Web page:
Indeed, researchers at social media and digital protection company ZeroFOX reported yesterday that they generated 53,000 alerts related to Fortnite scams in one month alone, from early September to early October. Many of these scams falsely promise victims free or discounted “V-Bucks,” an in-game currency that players can use to buy various items to enhance gameplay.
Although a whopping 86 percent of these alerts stemmed from malicious social media activity, the ZeroFOX “Alpha Team” also observed scams originating from web domains and YouTube as well. The researchers also warned of various fake Fortnite Android apps, which capitalize on the fact that there actually is no official Android version of Fortnite available in the Google Store.
According to a company blog post, common social media-based Fortnite scams include “V-Buck Generators” websites that ask potential victims for their Fortnite usernames and passwords, as well as personal information including credit card numbers. Through ZeroFOX’s research, we’ve identified over 4,770 live domains related to these kinds of scams – and the number continues to grow,” the blog post states.
The researchers also found more than 1,390 YouTube videos that purport to show views how to use fortnite v bucks generator , but actually trick them into giving away their personal informatio
It’s long been a theory as to why so many of the top Solo Showdown Fortniteplayers are on console, and it’s more about general game health as well. It’s the old “I didn’t die because I was outskilled, I died because he was cheating,” idea. Console players are tired of getting matched or at least potentially matched with players using mouse and keyboard who have a perceived (and often actual) advantage over them.
Well, even though it’s been Epic’s official policy that mouse and keyboard console play is just fine for casual and competitive fortnite v bucks generator, things are about to change.
“We’re actually working on some matchmaking tech, on the way, that’ll pair you against folks based on your choice of peripherals. More info on this coming next week, but tl;dr if you’re on KB+M you’ll be against KB+M.”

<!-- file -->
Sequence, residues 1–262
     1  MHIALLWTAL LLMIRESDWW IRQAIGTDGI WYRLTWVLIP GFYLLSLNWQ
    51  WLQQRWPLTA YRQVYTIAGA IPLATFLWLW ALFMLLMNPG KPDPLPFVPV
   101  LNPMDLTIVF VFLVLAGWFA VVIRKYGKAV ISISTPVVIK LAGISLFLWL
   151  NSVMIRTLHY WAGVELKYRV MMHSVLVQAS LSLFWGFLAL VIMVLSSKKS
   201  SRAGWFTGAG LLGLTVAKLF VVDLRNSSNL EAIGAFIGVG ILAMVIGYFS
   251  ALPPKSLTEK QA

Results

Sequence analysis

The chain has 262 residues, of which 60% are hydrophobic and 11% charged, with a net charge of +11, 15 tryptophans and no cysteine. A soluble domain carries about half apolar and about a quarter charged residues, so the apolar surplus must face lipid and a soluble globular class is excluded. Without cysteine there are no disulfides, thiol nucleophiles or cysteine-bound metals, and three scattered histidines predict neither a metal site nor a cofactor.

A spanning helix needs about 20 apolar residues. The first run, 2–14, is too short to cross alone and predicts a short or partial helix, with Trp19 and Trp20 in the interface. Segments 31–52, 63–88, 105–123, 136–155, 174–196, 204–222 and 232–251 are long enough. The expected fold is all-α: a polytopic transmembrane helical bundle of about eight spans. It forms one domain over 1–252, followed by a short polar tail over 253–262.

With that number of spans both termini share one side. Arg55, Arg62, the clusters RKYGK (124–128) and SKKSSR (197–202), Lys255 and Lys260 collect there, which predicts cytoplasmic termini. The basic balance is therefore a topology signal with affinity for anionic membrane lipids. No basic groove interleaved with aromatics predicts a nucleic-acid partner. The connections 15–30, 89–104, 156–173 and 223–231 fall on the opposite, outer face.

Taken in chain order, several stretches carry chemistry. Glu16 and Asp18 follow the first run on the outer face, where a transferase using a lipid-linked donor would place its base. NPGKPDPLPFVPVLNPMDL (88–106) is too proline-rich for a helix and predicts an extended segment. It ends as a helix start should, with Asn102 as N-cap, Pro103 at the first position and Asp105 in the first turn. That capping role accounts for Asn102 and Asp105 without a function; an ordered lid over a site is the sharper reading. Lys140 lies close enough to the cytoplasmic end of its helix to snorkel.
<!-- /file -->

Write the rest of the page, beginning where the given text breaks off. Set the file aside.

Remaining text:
So, it seems Epic has come around at last. And this has bigger implications past console mouse and keyboard alone. If matchmaking is done entirelyusing a peripherals, that could open up mobile as well, where gamepad users wouldn’t be matched against touch users, which is its own sort of unfair advantage there. Epic didn’t answer a question from a player wondering what would happen to them if they used a controller on PC, but there could be an exception or two to this rule. More info is supposed to be announced about this next week.
Why do we keep hearing about yet more scams that revolve around Fortnite? Same reason that robbers rob banks: that’s where the money’s at.
Be they young, old, and/or dressed up in the skin of an anthropomorphic tomato, players worldwide flock to the free Fortnite Battle Royale, to the tune of what its maker, Epic Games, said was more than 125 million players across all platforms as of June 2018.
Before its release, we saw fraudsters exploit gamers’ keen anticipation to get invitations to the release, flogging their fictional “extra free invites!!!” as they looked for profit or for pumped-up Twitter followers/likes/retweets/comments.
Then we saw scammers seed the internet with fake Fortnite apps that never loaded the actual game and instead churned victims through the downloading of other apps that the fraudsters got paid to disseminate.
A Slovenian teenager told the BBC last month that he’d made £16,000 (around $20,000) in the previous seven months by selling stolen accounts.
The news about V-Bucks being used to launder money is anything but surprising, given that crooks are using Fortnite to make money in a mind-boggling variety of ways of fortnite v bucks generator.